We stayed in Geyserville at the Geyserville Inn. I was a little dismayed to see that it was right off the highway, but it's not like where we live - you put the places you don't care about off the highway, the gems are hard to find. This place was adorable - vineyards stretched back behind it up into the hills, it had a beautiful garden and places for wedding photos, which I imagine is quite common. Our room had a fireplace and a patio off the back that looked up at the vineyards. We sat out there at dusk each night and the bushes and trees surrounding our little spot were covered with hummingbirds. I've never seen so many at one time, it was fantastic. It's not the most elegant of places, but it was just right for what we wanted - easy access to places we wanted to go, helpful staff, comfortable beds. Really comfortable beds. What more do you need, right?
Silver Oak, My Favorite Of All Wines
First vineyard we visited was for the wine that made me love wine. I told this story a long time ago, about how the Mr. was leaving the company he'd been working for, one of the partners took us to Fearings for dinner and poured us wine. I didn't drink wine, I didn't like wine, but I'm not an asshole, so I was going to power through the awful stuff and not embarrass my husband. And I tasted it. And I couldn't get enough, holy crap, this is wine? This is delicious! The wine? Silver Oak, 2004 Cabernet Sauvignon. Oh, of course I like it, it's ridiculously expensive. *head desk* So it became our special occasion wine. We drove up to their Alexander Valley vineyard (they have another in Napa) and realized that they weren't giving tours because.... there are no leaves/grapes on the vines yet. D'oh!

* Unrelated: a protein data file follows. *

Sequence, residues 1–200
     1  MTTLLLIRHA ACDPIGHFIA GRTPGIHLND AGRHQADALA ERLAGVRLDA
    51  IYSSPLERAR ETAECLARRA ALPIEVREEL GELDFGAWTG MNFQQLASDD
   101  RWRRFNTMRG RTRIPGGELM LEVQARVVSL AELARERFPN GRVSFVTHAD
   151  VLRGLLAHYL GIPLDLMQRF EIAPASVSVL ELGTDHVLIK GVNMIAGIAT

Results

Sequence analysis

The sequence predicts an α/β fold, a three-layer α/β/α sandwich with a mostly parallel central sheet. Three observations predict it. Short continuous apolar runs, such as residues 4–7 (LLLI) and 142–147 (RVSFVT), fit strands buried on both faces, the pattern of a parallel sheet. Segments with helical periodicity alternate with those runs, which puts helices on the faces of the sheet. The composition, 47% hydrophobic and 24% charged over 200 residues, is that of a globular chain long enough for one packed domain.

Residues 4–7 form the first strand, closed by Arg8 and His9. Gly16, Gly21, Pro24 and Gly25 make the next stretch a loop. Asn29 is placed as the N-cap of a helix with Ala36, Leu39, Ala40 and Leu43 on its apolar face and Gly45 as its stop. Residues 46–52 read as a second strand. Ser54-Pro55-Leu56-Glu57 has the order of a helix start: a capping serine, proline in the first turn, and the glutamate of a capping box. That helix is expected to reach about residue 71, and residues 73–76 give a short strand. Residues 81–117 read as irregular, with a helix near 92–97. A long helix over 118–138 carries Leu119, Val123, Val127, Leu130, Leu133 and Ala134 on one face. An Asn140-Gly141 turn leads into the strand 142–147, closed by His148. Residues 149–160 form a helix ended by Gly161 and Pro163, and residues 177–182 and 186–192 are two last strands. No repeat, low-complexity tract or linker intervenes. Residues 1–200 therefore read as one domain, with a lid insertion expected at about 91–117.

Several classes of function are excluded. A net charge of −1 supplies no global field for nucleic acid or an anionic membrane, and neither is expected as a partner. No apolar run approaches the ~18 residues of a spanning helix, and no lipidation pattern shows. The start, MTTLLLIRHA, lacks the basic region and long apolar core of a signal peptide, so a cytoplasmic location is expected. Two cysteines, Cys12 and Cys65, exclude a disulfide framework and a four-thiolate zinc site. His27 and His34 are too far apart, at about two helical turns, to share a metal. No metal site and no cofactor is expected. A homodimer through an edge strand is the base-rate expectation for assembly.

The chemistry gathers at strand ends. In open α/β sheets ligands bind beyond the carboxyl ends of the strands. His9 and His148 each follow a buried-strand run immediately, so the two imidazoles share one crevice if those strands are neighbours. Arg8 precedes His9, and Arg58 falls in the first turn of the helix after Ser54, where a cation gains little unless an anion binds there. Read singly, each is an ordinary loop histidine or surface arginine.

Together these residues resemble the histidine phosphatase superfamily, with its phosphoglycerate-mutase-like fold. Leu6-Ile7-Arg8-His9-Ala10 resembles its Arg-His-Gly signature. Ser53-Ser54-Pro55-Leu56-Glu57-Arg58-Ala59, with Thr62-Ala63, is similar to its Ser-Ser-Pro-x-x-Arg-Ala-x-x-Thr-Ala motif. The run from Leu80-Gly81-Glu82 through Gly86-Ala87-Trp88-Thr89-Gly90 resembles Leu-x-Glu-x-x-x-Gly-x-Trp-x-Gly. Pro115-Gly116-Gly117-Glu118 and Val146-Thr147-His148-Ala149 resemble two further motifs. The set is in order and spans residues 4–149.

Darla, our lovely hostess at Silver Oak, said to hell with that, and took us all over the property and showed us everything she could think of that we would be interested in. She also gave us a generous tasting (pro tip: go towards the end of their tasting times to the Good Vineyards because they want to drain the open bottles. Hem hem.) of the 2004 (which I love) and the 2006, both from Alexander Valley and Napa. There is a very distinct difference. The Napa wines are made in new barrels, so the wines finish very dry, you can feel it over the whole of your tongue. There's also a lot more earthiness to it (my translation: soil taste) - I prefer the Alexander. It's very smooth. We ended up staying after they normally closed, chatting away with her and another employee that runs the joint, talking about everything under the sun. We bought coats and a smart little purple vest for me, she gave me a free hat, and we ordered a case of the 2004 and got another bottle to take with us. We like Silver Oak. :)
I Hope Your Foist Child Is a Masculine Child
Darla recommended an "experience dinner" for us that night at Francis Ford Coppola's vineyard, which was just down the road a mile from where we were staying. First off, his property is gorgeous. If you want to have beautiful pictures taken, that's where you go. It's truly like a remodeled Corleone Estate from The Godfather, but set in wine country. Full disclosure, I'm not a fan of his wines. Not at all. I've tried just about all of them, and they leave much to be desired, imo. He likes them sweet and very fruity (hurr) and I don't. His restaurant, Rustic, has a special dinner they run on Tuesday nights, though. All of the waitstaff wears actual costumes from The Godfather and it's "family style." If you've been to a chiaroscurro, it's the same thing. They walk around with huge plates of food, offer you some, you take, you don't, whatever. They mark down what you've taken, tally it up, and there's your bill. I do think a flat rate would be simpler (that's what they do in a chiaroscurro) but ultimately the price was very reasonable. The food... well, some of it was fabulous. The butternut squash ravioli with browned butter and sage was lick the plate good. The shrimp scampi that everyone raved about needed some salt. Like, it had no salt. How can you have scampi without a pungent garlic and salt flavor?